BAGHDAD—Sheikh Fawzi Abdullah, imam of a Sunni mosque in the capital city’s Amil section, looks with relief on the uneasy peace that has settled over his neighborhood.
Once-shuttered markets are bustling. Iraqi security forces control the enclave’s streets. Displaced families have returned home to rebuild their lives.
“God willing, the fitna will never return,” Mr. Abdullah says, using an Arabic word for the internal discord that nearly ripped Iraq apart after the 2003 U.S.-led invasion. At the height of the sectarian bloodshed, Amil, one of several mixed Sunni-Shiite neighborhoods in southwestern Baghdad, was at the front lines of some of the worst fighting between armed groups from the two Muslim sects.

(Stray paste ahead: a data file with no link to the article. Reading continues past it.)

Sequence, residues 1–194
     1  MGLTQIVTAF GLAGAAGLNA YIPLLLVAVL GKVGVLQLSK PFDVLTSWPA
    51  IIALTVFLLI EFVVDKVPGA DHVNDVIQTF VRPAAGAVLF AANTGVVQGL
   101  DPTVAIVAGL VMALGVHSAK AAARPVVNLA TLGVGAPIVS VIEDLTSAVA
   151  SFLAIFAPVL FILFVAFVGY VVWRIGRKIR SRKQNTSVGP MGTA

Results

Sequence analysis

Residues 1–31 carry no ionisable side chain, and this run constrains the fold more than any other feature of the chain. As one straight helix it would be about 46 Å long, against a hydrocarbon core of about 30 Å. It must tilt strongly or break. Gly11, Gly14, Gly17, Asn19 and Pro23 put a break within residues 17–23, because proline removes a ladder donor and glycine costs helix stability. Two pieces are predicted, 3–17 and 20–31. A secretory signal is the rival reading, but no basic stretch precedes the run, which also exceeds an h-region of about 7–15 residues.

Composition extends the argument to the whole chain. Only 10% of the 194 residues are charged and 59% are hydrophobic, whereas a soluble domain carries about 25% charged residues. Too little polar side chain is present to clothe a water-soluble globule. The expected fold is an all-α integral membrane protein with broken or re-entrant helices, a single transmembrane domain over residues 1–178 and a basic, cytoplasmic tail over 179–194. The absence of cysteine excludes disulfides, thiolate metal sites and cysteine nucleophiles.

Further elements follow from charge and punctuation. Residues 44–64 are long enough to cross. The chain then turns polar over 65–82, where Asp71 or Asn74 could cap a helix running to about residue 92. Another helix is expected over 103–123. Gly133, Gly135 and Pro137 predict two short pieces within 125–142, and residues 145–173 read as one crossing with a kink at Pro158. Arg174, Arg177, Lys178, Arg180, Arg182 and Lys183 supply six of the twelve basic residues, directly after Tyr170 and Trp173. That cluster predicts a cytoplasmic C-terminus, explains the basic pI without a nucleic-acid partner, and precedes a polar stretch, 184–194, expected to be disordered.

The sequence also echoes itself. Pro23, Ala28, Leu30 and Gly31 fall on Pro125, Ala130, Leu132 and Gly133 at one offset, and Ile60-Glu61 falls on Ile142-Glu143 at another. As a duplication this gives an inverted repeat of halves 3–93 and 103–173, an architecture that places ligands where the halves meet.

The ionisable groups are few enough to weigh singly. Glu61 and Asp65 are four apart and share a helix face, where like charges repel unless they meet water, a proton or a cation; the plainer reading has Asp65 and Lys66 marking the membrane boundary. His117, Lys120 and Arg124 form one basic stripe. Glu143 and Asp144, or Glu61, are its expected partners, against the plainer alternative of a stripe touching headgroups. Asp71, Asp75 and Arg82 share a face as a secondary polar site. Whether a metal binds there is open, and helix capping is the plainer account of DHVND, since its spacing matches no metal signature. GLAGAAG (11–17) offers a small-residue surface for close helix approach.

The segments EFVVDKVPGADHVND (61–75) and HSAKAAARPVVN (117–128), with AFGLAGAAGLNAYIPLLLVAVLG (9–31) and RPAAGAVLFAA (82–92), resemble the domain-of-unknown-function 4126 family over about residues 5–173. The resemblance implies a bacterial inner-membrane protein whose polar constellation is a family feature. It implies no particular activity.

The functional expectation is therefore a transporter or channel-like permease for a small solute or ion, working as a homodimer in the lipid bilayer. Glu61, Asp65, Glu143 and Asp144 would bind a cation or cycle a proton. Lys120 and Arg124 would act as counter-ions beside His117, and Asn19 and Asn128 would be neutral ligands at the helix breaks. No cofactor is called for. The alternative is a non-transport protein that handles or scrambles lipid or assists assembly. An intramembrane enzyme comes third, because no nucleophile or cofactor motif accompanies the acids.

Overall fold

As the U.S. declares an official end to its combat mission in Iraq on Tuesday, having cut its troops to fewer than 50,000, the outlook for the country is better than it was three years ago. And yet Amil, like the rest of Iraq, is watching with mixed emotions. In addition to hope, there is anger, disappointment at what the U.S. has achieved and a sense of plunging into the unknown.